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I'm currently writing an article that includes two contexts of communication: effectiveness and competence. Incompetent people can misuse terminology all day and the ideas are effective and do technically work. However I'm looking for a word or term that has two or more meanings and the misuse of could lead to bodily harm or even death; this is to promote the idea of the aspect of competently communicating one's ideas.

What word if not used competently could end up leading to injury or death in a context that most people could understand with little-to-no explanation?

closed as too broad by Hellion, sumelic, Edwin Ashworth, NVZ, tchrist Apr 14 '17 at 21:50

Please edit the question to limit it to a specific problem with enough detail to identify an adequate answer. Avoid asking multiple distinct questions at once. See the How to Ask page for help clarifying this question. If this question can be reworded to fit the rules in the help center, please edit the question.

  • Comments are not for extended discussion; this conversation has been moved to chat. – tchrist Apr 13 '17 at 23:04

32 Answers 32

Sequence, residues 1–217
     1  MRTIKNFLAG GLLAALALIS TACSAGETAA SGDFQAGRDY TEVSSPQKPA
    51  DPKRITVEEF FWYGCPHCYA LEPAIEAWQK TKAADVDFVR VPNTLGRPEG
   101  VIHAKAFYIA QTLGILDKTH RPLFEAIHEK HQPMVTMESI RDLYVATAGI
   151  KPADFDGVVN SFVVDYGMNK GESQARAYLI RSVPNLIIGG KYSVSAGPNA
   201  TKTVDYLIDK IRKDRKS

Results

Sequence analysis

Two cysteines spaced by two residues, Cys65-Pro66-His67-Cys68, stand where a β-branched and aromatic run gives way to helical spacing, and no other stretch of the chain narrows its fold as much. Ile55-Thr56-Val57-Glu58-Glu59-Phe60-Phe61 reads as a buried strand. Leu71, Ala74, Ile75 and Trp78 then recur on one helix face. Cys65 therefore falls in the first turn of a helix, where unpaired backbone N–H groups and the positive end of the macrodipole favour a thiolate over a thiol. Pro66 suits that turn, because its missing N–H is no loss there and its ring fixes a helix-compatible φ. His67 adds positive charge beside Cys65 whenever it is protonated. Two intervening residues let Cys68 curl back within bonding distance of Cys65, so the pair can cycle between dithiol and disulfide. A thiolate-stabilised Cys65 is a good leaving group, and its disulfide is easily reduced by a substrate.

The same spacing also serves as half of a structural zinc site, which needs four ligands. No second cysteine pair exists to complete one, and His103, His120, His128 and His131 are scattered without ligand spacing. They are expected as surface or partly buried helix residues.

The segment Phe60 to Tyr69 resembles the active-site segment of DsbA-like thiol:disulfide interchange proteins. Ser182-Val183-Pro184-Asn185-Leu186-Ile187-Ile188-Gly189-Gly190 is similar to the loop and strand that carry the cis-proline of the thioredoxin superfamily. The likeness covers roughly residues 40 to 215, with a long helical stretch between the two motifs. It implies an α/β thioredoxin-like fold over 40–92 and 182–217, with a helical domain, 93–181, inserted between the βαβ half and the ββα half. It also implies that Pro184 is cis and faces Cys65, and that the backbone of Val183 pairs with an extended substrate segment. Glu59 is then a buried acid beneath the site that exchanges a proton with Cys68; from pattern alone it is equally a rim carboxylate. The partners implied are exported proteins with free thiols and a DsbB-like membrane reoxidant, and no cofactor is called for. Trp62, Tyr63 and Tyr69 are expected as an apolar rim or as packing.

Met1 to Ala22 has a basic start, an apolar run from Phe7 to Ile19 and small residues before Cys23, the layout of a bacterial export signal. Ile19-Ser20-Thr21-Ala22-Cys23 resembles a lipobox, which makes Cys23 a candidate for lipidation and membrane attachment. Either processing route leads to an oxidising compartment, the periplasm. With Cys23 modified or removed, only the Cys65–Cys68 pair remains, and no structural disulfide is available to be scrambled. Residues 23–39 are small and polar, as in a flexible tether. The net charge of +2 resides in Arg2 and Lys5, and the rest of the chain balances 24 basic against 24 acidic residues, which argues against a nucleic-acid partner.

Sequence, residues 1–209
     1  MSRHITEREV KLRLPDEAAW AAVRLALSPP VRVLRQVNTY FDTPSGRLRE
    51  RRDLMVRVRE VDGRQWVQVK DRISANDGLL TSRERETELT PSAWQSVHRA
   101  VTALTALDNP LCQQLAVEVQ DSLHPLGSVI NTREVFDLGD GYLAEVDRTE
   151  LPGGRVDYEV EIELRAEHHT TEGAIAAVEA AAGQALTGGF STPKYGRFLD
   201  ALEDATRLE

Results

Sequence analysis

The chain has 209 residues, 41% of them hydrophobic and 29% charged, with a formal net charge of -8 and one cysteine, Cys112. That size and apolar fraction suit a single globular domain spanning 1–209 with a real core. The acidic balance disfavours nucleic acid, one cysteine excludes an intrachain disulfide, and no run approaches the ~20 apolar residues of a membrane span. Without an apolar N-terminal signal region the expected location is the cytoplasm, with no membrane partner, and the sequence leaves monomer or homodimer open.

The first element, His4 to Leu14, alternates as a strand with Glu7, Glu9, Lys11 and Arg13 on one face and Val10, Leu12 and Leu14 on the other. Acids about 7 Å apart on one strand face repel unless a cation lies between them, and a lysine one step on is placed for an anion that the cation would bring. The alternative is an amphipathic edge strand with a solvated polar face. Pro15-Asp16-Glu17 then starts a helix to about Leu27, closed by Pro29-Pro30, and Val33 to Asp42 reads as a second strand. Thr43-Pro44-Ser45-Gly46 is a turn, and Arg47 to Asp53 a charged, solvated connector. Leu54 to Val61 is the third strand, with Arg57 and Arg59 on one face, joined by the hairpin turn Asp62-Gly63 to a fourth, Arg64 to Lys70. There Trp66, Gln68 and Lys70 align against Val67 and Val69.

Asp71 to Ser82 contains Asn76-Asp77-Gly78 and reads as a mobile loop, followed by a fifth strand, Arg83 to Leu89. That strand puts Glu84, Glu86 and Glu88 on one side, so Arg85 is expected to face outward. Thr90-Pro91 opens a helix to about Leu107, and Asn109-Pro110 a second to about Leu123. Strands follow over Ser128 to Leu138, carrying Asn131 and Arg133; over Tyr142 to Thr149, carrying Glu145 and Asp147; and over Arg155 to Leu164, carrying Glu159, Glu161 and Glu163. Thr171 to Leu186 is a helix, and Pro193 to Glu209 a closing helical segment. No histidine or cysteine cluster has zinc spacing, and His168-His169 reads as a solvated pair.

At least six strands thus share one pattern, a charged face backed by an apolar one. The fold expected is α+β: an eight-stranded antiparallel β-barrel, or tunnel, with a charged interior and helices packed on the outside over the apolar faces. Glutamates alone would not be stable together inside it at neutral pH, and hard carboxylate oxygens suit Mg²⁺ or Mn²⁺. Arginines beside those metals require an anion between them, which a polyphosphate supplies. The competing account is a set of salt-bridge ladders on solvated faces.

-1

"Beat" has constructive meanings in music, construction, and cooking ... and some concerning assault or disapproval...

"The yoghurt is curdling when I add it to the heated sauce" ..."Beat it!"

"They didn't get the texture of these biscuits right" .."I agree, they need to be beaten!"

  • 1
    In that ultimate example, sn't that syntactical confusion, though? I take it you meant confusing the object of the it pronoun with the head and not the iron ingot. – can-ned_food Apr 13 '17 at 16:06
  • Removed the ultimate example (dude, you just created another example :: :) ) because yes, it is confusing... – rackandboneman Apr 18 '17 at 7:43
-2

Alcohol

In general use, a drink, as in "I'll be drinking alcohol tonight, so I should not drive".

In a chemist's usage, alcohol describes a range of compounds, many of which would kill or maim a human if swallowed.

  • -1 "Alcohol" is a term for a class / group of compounds which includes both (i) ingredients in alcoholic drinks; and (ii) many other substances not generally drunk. In fact, the alcoholic components of alcoholic drink could lead to serious harm of death if drunk in sufficient concentration. So this is not an example of a word with multiple - and possibly conflicting - meanings as asked for in the Q.: it is merely an issue of the concentration of the alcoholic ingredient. – TrevorD Apr 13 '17 at 12:10

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